Masjid Hajjah Fatimah is one of the oldest mosques in Singapore, a rare example of one named after a woman. Its unique eclectic architecture stands out from other mosques in Singapore, especially with its distinctively European-style minaret, which tilts slightly. The mosque bears testimony to the once thriving Muslim communities living in the vicinity who made significant contributions particularly to colonial Singapore’s economy.
Masjid Hajjah Fatimah is the only structure left of the former settlement here. The mosque was built between 1845 and 1846 with the funds and land donated by Hajjah Fatimah out of gratitude when she escaped twice unharmed from thieves. Its present location used to be the residence of its founder. The grave of Hajjah Fatimah lies in a locked mausoleum in the compound of the mosque.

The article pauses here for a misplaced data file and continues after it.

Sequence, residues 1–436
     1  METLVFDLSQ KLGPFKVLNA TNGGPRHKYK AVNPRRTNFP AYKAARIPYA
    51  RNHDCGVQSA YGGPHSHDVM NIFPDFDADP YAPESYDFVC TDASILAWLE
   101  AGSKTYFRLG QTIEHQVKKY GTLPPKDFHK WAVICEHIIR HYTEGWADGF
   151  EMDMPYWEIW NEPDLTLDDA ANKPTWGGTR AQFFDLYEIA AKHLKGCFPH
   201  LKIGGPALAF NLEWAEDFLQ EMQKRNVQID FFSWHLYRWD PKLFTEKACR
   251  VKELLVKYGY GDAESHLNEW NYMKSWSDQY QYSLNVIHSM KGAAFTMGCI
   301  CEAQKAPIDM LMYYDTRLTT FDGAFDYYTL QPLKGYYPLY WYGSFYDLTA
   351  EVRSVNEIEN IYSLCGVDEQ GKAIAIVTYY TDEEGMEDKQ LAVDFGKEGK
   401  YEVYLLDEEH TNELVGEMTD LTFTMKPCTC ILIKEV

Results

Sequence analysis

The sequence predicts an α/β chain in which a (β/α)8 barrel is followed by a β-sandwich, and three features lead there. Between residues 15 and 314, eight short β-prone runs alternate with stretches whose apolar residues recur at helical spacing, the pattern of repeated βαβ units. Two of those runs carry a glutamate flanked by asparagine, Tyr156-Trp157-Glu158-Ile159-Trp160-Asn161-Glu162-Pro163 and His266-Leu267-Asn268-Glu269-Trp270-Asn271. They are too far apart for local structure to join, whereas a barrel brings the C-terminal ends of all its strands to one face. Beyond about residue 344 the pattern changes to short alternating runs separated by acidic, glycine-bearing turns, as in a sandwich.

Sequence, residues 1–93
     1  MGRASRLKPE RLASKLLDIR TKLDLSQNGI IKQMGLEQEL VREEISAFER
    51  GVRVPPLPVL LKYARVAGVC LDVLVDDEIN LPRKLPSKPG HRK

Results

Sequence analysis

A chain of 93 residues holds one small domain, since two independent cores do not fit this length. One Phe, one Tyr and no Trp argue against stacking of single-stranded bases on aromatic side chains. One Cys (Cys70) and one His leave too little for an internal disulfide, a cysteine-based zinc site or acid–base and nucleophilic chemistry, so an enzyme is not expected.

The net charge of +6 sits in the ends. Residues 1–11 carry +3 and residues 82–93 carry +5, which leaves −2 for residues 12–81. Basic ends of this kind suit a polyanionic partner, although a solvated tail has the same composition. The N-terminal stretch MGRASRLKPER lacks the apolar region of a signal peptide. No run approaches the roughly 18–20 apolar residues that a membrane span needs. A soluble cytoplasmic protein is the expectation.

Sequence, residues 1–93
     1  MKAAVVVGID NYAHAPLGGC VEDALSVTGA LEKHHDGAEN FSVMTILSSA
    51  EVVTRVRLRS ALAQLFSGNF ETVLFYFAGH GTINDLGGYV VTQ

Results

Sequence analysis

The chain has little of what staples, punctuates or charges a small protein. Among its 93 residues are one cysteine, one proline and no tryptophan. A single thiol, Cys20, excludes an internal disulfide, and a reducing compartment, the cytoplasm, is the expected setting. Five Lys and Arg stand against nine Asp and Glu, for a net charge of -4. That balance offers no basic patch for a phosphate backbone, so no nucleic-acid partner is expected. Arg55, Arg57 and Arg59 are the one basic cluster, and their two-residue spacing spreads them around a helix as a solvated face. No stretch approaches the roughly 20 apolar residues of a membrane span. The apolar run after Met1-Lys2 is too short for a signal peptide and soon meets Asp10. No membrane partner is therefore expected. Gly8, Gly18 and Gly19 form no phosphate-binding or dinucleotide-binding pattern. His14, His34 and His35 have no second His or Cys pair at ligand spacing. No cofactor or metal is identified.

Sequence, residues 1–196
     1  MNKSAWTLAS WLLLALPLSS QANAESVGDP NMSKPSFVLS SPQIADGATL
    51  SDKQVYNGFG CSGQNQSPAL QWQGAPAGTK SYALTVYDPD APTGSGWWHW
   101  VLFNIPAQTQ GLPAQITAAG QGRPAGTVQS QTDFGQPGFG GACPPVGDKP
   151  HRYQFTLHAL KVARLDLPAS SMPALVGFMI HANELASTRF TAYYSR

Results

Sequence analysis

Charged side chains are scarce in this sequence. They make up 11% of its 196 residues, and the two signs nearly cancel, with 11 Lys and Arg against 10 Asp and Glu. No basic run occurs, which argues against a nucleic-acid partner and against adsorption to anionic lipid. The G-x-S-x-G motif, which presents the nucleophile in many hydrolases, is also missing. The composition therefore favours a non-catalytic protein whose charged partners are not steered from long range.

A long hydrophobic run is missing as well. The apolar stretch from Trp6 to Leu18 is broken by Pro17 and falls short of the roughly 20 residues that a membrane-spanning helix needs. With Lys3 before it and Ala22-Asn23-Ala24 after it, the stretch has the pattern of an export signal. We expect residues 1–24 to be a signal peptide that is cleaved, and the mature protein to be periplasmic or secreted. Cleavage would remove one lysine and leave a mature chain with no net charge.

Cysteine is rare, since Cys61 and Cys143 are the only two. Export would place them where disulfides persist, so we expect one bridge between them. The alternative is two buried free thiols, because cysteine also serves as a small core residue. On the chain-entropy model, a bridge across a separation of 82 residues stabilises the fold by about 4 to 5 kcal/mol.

Gazetted as a national monument in 1973, the architecture of the mosque portrays a blend of Eastern and Western styles. Its wooden balcony above the entrance gates reflects a Moorish design, while the pilasters with Doric capitals on the first three tiers of the minaret suggest European influences. By the early 1970s, the building was in need of heavy repairs, with its minaret tilting slightly due to the sandy soil. Thus, the nickname “Leaning Tower of Singapore” was coined.